2004-12-15

    Full text: For a period of four weeks, our clinical Nucletron microSelectron high dose rate (HDR) brachytherapy system was pulled out of clinical use and relocated to a new building. During this period decommission tests, de-wiring of the treatment unit and its associated safety system (such as radiation detector, emergency off circuits and door interlocks), transportation of all equipment, re-wiring of this equipment in the new location and recommission tests were carried out. The decommission and recommission test program was designed upon consultation with the manufacturer's (Nucletron) acceptance test procedures and work carried out by others. The ACPSEM tolerances for remote afterloaders was used as a guideline. In addition to mandatory dosimetry, positional, workstation database and safety tests, two Australian Standard compliance tests were carried out. The compliance tests involved one for remote afterloaders and another for treatment room design. This testing program was designed and implemented with the aim of ensuring ongoing safe delivery of brachytherapy doses to the patient. The testing program consisted of two parts. The first involved a series of decommissioning tests that consisted of dosimetry tests such as source and check cable positional accuracy and source calibration tests. In addition to these tests an inventory of standard plans, patient records and system configuration information was catalogued. The second part involved a series of recommission tests and involved carrying out dosimetry tests on the brachytherapy system (positional accuracy and calibration tests), simulating common treatment scenarios (prostate, cervical, vaginal and bile duct) and checking standard plans; patient records and system configuration had remained unchanged. During this period, other tests were carried out. These included Nucletron acceptance and preventative maintenance tests, Australian Standards compliance testing and integrity of network transfer of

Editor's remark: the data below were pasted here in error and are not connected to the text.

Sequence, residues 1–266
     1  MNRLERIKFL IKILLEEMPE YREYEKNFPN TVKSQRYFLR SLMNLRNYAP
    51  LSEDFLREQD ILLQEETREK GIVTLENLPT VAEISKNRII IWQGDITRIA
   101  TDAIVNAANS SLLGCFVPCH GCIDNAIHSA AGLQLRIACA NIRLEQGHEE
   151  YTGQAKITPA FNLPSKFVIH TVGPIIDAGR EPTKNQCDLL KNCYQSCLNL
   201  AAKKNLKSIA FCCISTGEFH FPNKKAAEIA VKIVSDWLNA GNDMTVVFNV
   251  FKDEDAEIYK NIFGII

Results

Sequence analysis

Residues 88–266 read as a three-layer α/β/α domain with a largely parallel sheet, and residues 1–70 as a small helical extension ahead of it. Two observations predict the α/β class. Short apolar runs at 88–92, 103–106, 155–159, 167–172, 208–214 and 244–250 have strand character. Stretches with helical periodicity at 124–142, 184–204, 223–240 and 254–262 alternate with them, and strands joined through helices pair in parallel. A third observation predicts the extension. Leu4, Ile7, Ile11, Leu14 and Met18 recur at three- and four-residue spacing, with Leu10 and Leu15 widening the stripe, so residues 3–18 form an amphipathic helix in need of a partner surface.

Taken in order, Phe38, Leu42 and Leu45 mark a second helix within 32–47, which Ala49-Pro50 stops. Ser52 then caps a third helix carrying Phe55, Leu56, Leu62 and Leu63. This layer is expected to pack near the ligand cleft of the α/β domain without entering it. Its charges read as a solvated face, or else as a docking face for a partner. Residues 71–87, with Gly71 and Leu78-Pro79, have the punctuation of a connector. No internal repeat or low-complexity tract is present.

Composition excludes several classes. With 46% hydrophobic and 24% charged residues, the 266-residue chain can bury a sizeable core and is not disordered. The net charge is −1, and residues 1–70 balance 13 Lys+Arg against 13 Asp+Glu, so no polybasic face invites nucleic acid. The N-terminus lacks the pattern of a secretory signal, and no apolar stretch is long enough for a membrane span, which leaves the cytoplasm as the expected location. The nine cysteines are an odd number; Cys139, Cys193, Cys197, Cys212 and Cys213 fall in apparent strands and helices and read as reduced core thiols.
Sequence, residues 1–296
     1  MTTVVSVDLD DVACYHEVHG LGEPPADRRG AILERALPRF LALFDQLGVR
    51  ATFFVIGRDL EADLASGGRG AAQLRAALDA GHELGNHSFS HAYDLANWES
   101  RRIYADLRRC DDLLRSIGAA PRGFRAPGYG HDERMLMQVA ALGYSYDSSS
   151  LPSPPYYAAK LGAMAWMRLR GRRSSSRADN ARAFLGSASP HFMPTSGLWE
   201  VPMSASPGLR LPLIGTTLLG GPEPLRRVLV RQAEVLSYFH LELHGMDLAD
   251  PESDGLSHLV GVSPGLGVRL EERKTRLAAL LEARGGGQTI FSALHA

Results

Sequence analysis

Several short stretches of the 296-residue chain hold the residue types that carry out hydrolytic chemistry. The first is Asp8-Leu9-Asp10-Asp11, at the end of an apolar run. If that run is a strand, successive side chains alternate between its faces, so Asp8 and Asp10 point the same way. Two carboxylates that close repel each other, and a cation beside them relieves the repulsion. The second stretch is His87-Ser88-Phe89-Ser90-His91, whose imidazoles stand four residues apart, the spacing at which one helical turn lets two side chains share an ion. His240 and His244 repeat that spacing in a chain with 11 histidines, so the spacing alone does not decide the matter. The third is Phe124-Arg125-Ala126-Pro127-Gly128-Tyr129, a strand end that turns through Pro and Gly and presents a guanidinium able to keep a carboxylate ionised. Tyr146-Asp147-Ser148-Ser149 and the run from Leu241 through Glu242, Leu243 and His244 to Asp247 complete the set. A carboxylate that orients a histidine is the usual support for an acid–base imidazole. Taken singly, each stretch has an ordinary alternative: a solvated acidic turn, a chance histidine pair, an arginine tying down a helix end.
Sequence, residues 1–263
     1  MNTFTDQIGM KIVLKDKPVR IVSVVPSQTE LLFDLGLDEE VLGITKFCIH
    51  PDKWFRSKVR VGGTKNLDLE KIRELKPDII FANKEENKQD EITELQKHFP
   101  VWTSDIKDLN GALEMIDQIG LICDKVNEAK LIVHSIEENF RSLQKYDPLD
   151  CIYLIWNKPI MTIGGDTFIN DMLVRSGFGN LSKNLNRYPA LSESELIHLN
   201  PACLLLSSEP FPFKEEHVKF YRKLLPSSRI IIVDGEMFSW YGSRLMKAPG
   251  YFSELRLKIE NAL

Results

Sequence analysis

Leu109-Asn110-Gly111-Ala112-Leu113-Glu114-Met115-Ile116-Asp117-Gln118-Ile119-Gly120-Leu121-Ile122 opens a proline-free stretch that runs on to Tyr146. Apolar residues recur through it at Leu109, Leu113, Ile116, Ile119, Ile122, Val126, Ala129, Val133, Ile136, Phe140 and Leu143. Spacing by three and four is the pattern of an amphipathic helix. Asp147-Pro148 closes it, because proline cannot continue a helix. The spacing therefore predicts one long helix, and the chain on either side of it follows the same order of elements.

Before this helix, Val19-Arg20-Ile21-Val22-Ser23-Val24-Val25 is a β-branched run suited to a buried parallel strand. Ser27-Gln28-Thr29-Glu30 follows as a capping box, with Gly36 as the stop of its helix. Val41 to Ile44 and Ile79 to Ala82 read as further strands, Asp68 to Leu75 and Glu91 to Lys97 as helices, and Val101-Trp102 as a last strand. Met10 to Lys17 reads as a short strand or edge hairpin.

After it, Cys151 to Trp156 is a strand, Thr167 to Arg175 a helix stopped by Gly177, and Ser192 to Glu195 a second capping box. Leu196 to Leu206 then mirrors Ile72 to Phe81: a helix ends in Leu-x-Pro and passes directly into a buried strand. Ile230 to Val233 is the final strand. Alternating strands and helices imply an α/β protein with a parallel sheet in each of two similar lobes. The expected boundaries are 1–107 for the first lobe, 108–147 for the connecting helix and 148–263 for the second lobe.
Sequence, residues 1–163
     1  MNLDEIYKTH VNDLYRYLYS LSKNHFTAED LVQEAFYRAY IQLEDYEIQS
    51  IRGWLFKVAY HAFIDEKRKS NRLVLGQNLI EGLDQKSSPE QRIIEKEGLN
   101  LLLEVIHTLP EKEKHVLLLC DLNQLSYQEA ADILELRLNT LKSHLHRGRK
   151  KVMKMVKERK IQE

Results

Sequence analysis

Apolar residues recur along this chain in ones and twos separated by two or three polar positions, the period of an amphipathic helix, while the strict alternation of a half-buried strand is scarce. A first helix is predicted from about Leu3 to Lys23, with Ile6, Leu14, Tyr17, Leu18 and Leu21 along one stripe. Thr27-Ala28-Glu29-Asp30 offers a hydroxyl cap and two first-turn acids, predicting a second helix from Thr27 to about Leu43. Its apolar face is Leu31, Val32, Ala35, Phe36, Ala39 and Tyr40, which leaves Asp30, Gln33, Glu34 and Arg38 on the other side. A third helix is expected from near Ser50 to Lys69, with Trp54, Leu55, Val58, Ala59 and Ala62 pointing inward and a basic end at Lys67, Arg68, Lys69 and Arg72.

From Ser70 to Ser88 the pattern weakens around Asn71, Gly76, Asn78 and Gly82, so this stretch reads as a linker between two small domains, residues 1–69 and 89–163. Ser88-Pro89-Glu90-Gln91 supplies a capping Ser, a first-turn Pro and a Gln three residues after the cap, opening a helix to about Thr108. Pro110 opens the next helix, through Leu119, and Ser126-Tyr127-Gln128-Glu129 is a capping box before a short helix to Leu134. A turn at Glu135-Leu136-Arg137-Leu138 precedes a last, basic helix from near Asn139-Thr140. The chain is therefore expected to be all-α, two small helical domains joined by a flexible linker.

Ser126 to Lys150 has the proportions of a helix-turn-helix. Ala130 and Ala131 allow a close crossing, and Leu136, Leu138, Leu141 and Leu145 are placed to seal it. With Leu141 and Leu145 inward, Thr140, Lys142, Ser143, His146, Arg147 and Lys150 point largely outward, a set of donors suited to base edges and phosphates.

16. Relocation of a nucletron microselectron-HDR brachytherapy system

    International Nuclear Information System (INIS)

    Bartrum, T.; Tran, T.; Freeman, N.; Morales, J.

    2004-01-01